This teaching circle is for teachers interested in incorporating mindfulness practices in their classrooms. We’ve all heard about the beneficial effects of mindfulness meditation on mental and physical health, which include stress reduction, improved focus and concentration, and increased emotional stability and self-confidence. These are desirable states of well-being for student and teacher, alike, but understanding is one thing, and implementation is another. How do we bring mindfulness into the classroom? What kinds of practices are there, and how do we offer them to students in an open, respectful and non-coercive way? In this teaching circle, we’ll look at these questions, practice a little meditation, exchange ideas and techniques, and support each other in this inquiry into what a mindfulness-based contemplative pedagogy might be.
*Ruth Ozeki's teaching circle will meet in Seelye Hall, Room B8 on October 21st and November 11th. Please stop by the Neilson Browsing room to pick up your lunch and then proceed to the Basement of Seelye Hall to participate in this Teaching Circle. Thank you!
Design Thinking - will meet on September 23, October 21, and November 11, 2016
Borjana Mikic (Faculty Director, Design Thinking Intitiative)
Zaza Kabayadondo (Co-Director, Design Thinking Intitiative)
Design determines our infrastructure, our services, our policies and how we think or talk about our systems in the public sphere, in historical archives and in social media. Design is the process of intentionally making something that does not yet exist, transforming ideas into tangible realities. The Smith brand of design thinking envisions design in service of a broader range of social issues of participation, intervention, and leadership. This Teaching Circle is for any faculty or staff member whose work with students involves design or “making” as a form of thinking. We encourage all 2016-17 recipients of our Curricular Enhancement Grants to attend these sessions in order to establish an ongoing community of practice for those involved in this type of work.
Other Teaching Circles Meeting on Smith Campus:
Strengthening the Math Preparation of Introductory STEM Students - will meet on its own schedule
Gary Felder (Physics)
Many students enter Smith with math skills inadequate for introductory courses in STEM disciplines. Often these students start taking calculus with gaps in their algebra and other precalculus skills, and go on to enter courses such as physics or engineering without the preparation they need to succeed in those courses. These problems disproportionately affect minority students, first-generation college students, and any students from academically weak high schools. In order to provide these students with the support they need to thrive in our STEM curricula we need to identify their needs as early as possible and have structured support mechanisms in place for them. The goal of this teaching circle is to bring together the people working on this problem throughout the STEM disciplines to share ideas and coordinate our efforts.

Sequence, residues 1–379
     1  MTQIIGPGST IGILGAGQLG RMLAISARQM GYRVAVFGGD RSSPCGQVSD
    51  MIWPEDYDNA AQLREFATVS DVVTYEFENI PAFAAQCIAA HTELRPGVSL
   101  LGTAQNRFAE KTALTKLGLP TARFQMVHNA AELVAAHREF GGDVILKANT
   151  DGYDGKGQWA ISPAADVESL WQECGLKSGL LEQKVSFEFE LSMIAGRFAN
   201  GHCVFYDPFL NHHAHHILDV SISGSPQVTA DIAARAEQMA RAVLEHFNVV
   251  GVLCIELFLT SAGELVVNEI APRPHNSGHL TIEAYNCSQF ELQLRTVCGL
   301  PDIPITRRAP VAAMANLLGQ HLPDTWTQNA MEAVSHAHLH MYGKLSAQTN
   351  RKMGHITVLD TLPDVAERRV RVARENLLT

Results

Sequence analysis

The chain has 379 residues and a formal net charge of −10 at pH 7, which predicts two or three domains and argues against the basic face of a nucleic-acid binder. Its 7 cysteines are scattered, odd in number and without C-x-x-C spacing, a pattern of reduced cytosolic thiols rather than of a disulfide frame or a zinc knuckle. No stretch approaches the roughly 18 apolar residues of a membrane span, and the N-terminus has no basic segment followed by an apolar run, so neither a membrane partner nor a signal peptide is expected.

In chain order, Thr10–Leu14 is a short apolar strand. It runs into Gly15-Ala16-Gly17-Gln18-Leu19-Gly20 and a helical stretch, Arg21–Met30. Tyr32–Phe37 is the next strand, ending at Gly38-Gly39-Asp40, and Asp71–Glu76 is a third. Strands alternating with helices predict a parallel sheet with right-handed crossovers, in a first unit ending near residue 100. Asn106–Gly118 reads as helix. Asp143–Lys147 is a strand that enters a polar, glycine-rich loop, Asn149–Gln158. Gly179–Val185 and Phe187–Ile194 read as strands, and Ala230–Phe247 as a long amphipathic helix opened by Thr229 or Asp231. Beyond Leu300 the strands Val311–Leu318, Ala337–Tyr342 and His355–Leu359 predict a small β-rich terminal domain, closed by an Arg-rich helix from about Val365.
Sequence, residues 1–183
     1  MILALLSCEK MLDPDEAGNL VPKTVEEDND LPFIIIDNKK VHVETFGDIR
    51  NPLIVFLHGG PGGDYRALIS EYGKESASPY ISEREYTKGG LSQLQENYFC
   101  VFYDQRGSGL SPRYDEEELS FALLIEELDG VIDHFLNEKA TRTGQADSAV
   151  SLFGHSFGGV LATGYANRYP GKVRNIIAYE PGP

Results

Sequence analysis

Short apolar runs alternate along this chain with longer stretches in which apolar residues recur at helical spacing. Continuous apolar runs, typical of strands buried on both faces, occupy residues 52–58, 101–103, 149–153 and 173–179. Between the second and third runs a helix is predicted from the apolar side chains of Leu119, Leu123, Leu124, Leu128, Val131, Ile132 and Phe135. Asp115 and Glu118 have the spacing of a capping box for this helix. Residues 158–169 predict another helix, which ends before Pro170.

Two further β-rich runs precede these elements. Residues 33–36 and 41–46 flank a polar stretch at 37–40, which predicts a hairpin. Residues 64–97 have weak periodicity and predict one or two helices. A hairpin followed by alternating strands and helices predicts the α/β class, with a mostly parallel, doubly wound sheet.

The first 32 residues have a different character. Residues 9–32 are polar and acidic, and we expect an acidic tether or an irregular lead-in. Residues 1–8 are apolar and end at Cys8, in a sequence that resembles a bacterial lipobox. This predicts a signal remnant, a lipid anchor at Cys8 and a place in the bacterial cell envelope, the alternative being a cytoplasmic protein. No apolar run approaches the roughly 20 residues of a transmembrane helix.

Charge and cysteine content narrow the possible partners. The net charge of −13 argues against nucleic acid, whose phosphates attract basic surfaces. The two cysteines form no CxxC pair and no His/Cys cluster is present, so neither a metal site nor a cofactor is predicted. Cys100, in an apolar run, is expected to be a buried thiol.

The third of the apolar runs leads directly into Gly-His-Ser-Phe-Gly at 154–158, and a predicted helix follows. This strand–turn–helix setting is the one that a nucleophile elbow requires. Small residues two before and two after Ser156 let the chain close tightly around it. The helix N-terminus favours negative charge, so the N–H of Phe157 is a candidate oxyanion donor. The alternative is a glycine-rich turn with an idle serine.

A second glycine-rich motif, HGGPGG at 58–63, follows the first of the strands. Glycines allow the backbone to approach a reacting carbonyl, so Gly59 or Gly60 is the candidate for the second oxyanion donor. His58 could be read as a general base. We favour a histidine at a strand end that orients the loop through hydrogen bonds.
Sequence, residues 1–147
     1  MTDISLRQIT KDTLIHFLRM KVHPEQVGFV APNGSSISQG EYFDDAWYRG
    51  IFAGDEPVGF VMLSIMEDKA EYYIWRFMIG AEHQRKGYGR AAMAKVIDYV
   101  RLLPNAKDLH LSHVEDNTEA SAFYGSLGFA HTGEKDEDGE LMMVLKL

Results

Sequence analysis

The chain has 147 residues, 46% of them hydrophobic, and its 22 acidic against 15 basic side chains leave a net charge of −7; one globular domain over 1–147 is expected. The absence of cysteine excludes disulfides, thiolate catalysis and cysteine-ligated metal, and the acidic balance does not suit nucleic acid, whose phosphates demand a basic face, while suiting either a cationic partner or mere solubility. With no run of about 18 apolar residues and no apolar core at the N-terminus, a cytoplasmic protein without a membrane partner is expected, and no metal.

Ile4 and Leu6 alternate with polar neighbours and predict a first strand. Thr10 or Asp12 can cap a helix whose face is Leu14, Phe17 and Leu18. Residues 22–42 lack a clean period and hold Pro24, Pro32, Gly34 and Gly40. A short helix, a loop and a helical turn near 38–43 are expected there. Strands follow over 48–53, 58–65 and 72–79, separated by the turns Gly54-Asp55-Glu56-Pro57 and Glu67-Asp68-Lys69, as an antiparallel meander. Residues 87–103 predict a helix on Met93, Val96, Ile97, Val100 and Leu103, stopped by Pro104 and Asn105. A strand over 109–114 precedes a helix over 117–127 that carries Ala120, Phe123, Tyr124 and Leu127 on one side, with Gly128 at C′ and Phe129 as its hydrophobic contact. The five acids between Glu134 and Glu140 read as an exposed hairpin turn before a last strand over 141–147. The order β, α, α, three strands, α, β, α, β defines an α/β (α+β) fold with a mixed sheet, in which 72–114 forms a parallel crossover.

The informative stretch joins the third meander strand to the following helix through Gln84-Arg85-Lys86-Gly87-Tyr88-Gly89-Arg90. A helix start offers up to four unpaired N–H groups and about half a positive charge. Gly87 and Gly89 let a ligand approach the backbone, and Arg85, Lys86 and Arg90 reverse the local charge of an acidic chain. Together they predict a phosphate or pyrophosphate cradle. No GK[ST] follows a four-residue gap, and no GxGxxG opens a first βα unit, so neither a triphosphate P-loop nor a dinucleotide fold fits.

Conversation about Instructing Laboratory Classes - meeting schedule for this semester TBA
Marney Pratt (Biological Sciences)
This teaching circle is an opportunity for lab instructors (and anyone else who teaches lab courses) to get together and talk across disciplines about teaching lab courses. We will talk about what works and what we would like to improve. Some possible topics to cover include: research-based lab instruction, teaching students how to write lab reports, using peer-review, teaching data analysis and graphing, presentation assignments, methods of grading, making links across disciplines, documentation in lab notebooks, etc.
Teaching English Language and Literature -will meet on its own schedule
Ambreen Hai (English Language and Literature)
The Department of English Language and Literature's mission states that it "aims to teach all the students it serves, both majors and non-majors, to write and speak well and to read skillfully, thoughtfully and with pleasure." This circle will discuss what pedagogies can best achieve this mission.
Feminist Science and Technology Studies - will meet on its own schedule
Lisa Armstrong (Study of Women & Gender)
This teaching circle will combine professors from the humanities, social sciences and sciences to discuss course units, readings and themes that address gender studies research in and about the sciences. We will work together to discuss on ongoing classes as well as course development projects.